Naval technology has received exclusive satellite imagery from BlackSky of Operation Kaveri, the India’s evacuation of its nationals from Port Sudan using the Saryu-class patrol vessel INS Sumedha and the Talwar-class frigate INS Teg, yesterday on 25 April.

With clashes in Sudan between Sudanese armed forces and the paramilitary Rapid Supply Forces, nations have been in a race to evacuate their citizens from a rapidly deteriorating security situation. A US brokered 72-hour ceasefire began midnight 24 April to allow for the evacuation.

Some 278 Indian Nationals successfully escaped on the Sumedha while the Teg arrived to provide relief supplies and additional assistance to Indian nationals. Around 3000 Indian nationals were estimated to be in Sudan as violence gripped the country, with 500 relocated to the Port of Sudan in anticipation of rescue. A further 283 Indian nationals have been evacuated across two IAF C-130J flights from Port Sudan Airfield today.

BlackSky are a geospatial intelligence company with a constellation of 14 fast response satellites orbiting along the Earth’s equator, that can surface requests for imagery within 90 minutes. The low-latency network is renowned for its automated image collation across thousands of sites worldwide that can be directed from any cellular device, with applications for battlefield operations. Using outside data feeds to indicate locations for collation, BlackSKy can tip its satellites to automatically monitor incoming and outgoing maritime or air traffic using transponder signals, such as the arrival of ships at Port Sudan.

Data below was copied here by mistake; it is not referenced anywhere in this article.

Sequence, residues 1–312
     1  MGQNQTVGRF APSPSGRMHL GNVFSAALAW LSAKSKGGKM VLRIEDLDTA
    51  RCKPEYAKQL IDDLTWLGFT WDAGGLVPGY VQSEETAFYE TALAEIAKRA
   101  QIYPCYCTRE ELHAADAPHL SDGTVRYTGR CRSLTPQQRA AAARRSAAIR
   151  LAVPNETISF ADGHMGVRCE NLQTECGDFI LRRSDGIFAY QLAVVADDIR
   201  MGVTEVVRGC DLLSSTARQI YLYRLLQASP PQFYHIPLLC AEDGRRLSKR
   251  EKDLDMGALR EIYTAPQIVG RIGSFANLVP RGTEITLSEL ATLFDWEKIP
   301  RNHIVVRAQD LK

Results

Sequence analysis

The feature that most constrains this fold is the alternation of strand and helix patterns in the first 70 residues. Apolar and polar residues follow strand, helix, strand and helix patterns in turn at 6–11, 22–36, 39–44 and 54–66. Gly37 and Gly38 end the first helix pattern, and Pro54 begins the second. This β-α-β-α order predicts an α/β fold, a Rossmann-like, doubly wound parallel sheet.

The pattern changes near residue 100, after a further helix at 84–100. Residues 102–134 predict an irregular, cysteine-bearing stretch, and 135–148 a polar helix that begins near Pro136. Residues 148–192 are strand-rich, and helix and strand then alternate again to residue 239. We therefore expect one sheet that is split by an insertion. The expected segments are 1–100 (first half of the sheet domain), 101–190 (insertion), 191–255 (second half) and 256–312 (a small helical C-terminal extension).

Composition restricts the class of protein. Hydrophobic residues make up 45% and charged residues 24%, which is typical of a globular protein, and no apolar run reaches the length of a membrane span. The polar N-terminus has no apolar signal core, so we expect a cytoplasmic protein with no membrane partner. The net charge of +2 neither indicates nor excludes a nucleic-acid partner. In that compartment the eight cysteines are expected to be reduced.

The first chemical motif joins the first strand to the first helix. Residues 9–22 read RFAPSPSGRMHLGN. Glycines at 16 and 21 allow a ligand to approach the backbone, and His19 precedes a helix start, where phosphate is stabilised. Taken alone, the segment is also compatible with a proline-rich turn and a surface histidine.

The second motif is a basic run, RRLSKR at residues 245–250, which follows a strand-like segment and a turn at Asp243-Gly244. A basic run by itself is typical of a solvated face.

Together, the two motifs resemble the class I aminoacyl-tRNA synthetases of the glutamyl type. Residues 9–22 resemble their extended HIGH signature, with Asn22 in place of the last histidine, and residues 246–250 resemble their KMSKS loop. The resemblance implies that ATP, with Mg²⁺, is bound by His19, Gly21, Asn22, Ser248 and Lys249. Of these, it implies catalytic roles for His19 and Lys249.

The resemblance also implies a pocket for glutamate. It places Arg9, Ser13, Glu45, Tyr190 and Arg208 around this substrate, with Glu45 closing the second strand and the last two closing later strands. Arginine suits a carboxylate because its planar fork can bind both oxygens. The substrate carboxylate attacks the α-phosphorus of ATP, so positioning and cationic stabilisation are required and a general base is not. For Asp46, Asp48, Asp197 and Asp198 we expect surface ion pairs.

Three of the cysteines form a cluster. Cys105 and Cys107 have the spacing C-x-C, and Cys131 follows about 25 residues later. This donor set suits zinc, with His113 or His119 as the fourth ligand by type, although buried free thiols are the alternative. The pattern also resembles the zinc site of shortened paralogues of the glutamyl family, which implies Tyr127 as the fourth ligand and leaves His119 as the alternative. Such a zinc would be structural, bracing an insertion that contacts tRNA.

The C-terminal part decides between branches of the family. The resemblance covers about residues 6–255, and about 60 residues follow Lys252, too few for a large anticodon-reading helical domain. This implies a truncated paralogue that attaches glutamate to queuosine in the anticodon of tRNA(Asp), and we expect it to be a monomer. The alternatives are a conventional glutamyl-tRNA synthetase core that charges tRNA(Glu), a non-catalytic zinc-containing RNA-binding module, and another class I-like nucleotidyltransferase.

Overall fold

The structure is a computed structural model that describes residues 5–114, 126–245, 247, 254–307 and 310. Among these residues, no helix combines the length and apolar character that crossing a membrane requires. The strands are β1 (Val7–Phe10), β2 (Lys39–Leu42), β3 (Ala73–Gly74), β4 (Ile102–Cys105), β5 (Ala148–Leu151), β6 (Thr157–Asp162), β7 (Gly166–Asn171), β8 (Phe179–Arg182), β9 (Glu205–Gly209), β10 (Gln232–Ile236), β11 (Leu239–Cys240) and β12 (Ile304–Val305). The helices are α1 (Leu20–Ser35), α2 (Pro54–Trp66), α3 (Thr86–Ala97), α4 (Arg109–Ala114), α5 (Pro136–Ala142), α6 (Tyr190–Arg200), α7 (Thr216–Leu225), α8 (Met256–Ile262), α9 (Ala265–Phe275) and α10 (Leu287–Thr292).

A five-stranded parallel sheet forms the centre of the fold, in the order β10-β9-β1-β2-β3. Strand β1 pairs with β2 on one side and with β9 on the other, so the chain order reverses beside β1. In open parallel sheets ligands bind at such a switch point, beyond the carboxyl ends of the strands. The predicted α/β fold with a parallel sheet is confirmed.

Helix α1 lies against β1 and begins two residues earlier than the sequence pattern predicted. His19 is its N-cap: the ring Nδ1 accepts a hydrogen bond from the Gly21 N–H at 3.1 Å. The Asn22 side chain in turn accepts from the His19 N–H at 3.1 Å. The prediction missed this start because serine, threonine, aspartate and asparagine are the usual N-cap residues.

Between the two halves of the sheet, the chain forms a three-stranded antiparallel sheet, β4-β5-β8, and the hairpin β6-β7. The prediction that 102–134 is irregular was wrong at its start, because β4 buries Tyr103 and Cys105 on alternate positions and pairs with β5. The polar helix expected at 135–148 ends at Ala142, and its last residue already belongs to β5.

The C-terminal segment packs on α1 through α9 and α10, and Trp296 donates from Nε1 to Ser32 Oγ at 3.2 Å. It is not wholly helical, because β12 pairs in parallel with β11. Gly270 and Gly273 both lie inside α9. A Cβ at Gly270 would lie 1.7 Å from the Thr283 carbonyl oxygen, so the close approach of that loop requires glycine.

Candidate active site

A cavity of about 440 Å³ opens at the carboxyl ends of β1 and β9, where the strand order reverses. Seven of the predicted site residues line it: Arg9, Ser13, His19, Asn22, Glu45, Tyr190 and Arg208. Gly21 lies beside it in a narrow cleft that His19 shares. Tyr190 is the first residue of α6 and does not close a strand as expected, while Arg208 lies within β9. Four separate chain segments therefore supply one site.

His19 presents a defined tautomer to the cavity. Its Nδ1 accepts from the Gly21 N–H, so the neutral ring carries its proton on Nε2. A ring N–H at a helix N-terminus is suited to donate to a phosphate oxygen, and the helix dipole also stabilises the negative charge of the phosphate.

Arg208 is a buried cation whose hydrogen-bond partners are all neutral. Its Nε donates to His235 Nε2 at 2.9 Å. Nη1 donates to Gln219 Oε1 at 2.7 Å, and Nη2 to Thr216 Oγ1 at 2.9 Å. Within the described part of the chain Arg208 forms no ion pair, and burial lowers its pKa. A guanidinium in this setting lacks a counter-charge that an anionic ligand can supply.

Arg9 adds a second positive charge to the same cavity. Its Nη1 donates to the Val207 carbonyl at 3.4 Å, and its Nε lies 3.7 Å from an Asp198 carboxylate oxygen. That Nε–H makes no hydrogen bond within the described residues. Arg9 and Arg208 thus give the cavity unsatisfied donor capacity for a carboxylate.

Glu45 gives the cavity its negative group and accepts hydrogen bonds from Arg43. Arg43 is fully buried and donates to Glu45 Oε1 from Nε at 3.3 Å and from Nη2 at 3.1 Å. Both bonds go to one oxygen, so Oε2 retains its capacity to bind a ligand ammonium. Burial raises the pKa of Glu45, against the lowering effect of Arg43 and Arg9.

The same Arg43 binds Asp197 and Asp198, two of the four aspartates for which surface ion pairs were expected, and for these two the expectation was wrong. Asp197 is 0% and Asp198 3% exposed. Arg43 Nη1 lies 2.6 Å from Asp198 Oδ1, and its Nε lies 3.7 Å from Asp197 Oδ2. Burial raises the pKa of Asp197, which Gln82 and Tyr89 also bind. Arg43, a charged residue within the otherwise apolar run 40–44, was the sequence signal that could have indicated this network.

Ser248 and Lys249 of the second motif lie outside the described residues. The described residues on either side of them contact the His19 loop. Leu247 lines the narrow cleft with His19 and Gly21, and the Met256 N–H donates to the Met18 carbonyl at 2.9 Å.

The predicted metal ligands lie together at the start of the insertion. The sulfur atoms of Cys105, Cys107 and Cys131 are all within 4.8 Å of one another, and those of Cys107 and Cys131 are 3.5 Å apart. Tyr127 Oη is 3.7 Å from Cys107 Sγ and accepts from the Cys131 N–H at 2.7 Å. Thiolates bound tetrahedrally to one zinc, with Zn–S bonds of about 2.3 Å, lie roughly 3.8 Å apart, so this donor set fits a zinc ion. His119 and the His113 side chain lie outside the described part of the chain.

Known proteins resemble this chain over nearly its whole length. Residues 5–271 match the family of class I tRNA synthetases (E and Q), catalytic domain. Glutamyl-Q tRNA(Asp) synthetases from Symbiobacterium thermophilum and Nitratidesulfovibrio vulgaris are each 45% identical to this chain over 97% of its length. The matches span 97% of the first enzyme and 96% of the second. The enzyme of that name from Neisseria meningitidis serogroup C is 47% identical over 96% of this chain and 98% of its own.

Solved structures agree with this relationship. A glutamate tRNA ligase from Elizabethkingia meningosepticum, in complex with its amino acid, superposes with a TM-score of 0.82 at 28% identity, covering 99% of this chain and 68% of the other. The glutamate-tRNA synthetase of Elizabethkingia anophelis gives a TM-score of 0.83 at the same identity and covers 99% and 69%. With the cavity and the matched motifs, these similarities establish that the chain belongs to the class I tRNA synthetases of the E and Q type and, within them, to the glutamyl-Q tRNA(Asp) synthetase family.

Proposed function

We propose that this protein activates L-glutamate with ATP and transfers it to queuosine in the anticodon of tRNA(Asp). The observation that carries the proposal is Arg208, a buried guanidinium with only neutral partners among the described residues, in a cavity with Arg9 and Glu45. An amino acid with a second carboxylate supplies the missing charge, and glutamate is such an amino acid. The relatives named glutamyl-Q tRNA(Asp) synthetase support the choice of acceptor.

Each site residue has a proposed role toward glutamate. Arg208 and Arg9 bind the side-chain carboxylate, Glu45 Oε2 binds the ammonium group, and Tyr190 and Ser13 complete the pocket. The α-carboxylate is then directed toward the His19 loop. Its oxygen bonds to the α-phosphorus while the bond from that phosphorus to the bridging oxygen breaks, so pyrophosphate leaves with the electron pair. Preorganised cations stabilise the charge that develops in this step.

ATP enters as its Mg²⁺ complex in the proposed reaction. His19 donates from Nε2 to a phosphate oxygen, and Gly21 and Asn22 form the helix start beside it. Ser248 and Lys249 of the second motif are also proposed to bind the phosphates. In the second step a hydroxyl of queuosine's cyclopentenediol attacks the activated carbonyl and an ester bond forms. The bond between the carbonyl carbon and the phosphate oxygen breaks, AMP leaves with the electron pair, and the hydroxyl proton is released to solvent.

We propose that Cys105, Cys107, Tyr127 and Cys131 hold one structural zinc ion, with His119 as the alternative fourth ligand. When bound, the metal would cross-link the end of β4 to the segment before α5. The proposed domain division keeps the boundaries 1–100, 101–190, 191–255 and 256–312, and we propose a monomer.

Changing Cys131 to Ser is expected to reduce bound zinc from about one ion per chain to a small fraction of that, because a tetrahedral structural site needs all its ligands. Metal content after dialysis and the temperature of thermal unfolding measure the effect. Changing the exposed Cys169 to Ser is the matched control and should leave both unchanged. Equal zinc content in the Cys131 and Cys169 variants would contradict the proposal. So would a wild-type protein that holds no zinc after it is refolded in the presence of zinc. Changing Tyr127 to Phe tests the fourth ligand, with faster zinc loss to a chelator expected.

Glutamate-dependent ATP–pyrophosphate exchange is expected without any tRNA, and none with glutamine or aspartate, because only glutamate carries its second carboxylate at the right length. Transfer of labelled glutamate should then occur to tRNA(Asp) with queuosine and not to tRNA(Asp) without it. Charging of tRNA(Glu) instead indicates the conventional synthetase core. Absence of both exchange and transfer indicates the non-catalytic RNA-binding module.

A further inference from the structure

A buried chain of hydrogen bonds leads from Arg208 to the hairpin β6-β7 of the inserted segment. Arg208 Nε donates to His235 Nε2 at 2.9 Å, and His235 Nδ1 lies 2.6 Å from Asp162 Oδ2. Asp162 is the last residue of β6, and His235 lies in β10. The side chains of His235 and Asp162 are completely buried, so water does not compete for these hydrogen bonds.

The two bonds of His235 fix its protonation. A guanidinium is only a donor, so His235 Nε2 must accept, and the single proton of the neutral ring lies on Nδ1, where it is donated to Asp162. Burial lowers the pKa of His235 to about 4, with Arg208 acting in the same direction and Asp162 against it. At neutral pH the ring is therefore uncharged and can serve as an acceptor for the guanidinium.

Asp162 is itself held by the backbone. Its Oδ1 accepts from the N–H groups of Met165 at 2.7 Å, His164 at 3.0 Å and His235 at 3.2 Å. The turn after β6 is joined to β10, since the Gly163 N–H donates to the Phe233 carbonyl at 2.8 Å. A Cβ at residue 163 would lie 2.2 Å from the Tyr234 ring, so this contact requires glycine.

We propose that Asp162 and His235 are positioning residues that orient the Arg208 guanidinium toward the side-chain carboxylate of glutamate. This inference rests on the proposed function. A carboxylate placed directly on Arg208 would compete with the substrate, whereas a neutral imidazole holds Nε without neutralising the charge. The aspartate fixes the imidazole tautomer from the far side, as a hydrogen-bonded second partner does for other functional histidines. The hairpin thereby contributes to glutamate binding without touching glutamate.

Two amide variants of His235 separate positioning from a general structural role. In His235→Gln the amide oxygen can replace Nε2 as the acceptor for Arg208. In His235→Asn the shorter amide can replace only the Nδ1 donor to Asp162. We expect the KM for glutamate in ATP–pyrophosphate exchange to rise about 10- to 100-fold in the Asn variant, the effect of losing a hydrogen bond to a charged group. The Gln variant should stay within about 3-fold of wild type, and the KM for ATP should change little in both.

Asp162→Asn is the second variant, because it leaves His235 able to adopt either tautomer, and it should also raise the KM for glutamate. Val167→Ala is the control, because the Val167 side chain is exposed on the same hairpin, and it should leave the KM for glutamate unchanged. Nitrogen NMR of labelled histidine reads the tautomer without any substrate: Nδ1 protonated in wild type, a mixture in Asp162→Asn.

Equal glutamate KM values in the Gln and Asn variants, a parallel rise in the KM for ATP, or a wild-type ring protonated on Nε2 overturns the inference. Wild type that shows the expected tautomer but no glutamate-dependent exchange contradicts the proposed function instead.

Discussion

The imagery obtained shows the points where vessels from the Indian Navy moored at the Port Sudan during the operation Kaveri. The main image is from 9:06am local time, and shows the Saryu-class patrol vessel INS Sumedha at port before it departed with Indian nationals aboard. A supplemental image from 3:00pm local time shows the Talwar-class frigate INS Teg which had arrived at about midday, according to an independent analyst with knowledge of the site.

These automation processes can also be used to cue image collation based on seismic events, and with this approach BlackSky returned the first Satellite images of the devastating explosion in Beirut on 4 August 2020. Input feeds from thermal sensors have also been used in Ukraine to direct the satellites to areas where military activity is thought to have occurred.